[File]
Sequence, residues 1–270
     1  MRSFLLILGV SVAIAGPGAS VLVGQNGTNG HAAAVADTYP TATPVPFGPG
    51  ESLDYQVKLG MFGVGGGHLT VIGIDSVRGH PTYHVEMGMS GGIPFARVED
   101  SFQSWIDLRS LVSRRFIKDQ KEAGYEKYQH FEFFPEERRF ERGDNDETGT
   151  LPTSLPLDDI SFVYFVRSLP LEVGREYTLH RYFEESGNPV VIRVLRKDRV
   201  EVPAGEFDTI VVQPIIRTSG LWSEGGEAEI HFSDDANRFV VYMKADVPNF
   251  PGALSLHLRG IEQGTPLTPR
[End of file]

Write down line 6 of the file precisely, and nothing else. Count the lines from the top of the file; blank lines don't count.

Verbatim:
   201  EVPAGEFDTI VVQPIIRTSG LWSEGGEAEI HFSDDANRFV VYMKADVPNF